Until the creation of the National Archives in 1936, records were stored in the Capitol’s attic and basement. However, since its establishment, the Historical Office has taken these records and made them better organized and more accessible than ever before.

With its mission to “promote the history of the Senate,” the Historical Office oversees a variety of duties. It’s expansive collection of statistics and data allows it to answer questions posed by anyone from senators and staff to scholars and the media, as well as the general public.  As a nonpartisan entity, it seeks only to provide accurate and reliable information.  It achieves this duty by conducting oral history interviews, editing previously closed records for publication, drafting occasional speeches for senators on historic occasions, planning exhibits, conferences and other commemorations. Its archivists work with the Senate committees to transfer their past records to the National Archives and help senators get their papers into libraries, archives, and historical societies.  The Office also employs a photographic historian; their job is to collect and preserve historical photographs for use in exhibits and publications and makes them available to authors, documentary makers, and the news media.

The Historical Office is an invaluable resource to the Senate. “As a very traditional institution that changes slowly over time, the Senate bases a great deal of its legislative activities on precedents and is eager to know when and why those precedents were established.” Within the office, Ritchie and the associate historian, Betty K. Koed, attend weekly party conference luncheons and open the proceedings with “historical minutes,” placing their proceedings into historical context.  When freshmen senators are elected, the historian participates in their orientation program and takes them and their staffs on tours of the Capitol.

Aside from the administrative responsibilities that his post demands, Ritchie’s responsibilities within the Historical Office vary on whether or not the Senate is in session.  When the Senate is not meeting, the historians are freer to do their regular assignments, which can include research and writing on long-term projects.  When the Senate is meeting, the Office is much busier as phones ring more frequently and more e-mail pours in.  Called “straight shooters,” the Senate Historical Office is also utilized by journalists because it does not slant the information in favor of one party or another. Ritchie states that the Office is especially busy “when the Senate is involved in something everyone regards as historical: a controversial nomination, a major treaty, the impeachment trial of a federal official.”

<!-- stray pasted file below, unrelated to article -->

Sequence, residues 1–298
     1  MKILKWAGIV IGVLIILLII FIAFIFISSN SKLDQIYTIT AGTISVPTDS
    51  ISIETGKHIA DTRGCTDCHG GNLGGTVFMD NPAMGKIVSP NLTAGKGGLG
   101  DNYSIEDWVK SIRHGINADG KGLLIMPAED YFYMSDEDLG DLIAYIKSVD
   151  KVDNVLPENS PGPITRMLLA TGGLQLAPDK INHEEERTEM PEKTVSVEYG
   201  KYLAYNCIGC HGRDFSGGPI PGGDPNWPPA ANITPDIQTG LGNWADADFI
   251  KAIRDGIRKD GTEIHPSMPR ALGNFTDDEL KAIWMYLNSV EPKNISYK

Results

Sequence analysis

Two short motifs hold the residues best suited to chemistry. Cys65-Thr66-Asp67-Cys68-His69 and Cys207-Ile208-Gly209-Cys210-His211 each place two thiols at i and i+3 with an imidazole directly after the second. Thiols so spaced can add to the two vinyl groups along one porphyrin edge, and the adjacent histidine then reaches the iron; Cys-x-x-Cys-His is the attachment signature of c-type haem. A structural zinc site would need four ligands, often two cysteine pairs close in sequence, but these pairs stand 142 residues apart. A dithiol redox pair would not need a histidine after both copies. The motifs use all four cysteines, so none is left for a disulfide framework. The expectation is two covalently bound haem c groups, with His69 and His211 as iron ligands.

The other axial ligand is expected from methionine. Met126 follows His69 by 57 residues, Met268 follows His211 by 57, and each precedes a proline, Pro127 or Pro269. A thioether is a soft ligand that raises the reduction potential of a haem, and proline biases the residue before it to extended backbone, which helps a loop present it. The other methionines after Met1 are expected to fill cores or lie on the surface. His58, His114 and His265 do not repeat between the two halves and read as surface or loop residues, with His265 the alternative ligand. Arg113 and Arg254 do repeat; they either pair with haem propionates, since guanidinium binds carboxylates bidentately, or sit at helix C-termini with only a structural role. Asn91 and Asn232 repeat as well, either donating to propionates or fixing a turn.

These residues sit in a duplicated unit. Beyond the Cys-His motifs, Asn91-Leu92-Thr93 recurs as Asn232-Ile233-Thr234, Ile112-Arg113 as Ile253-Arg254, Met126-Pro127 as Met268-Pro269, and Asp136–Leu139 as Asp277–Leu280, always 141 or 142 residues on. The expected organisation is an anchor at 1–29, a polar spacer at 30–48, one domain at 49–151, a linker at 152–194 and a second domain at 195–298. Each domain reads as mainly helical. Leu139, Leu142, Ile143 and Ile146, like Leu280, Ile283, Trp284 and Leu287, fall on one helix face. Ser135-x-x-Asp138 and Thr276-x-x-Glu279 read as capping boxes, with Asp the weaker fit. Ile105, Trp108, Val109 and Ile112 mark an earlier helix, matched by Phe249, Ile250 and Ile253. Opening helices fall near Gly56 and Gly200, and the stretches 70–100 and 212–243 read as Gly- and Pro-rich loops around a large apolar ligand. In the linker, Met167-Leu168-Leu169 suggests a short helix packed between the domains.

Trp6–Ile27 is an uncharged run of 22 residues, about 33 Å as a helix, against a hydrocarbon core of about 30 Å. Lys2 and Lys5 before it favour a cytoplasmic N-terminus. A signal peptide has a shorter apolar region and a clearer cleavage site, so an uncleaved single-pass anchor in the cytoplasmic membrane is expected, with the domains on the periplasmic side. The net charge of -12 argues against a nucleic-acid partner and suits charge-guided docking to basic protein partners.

“Consistently,” he claims, “the single best part of my job has been sitting down face-to-face with fascinating individuals and recording their reminiscences in oral history interviews.”  These interviews provide a wealth of information for current and future researchers. 

Back when he was an undergrad student at CCNY, before embarking on his 36-year journey at the United States Senate Historical Office, Ritchie had at one point envisioned himself teaching high school students.  Though he set off on a different path, Ritchie has been able to educate students as well as the general public.  Amongst his works -- some of which are award-winning books on subjects including Franklin Roosevelt, the Constitution, the Senate, and the government -- are several high school history books.  He also taught for ten years in the Cornell in Washington program during the evenings from 1990-2000. 

When it comes to his job as chief historian for the U.S. Senate, he says, “I have a front row seat for the best show in town.”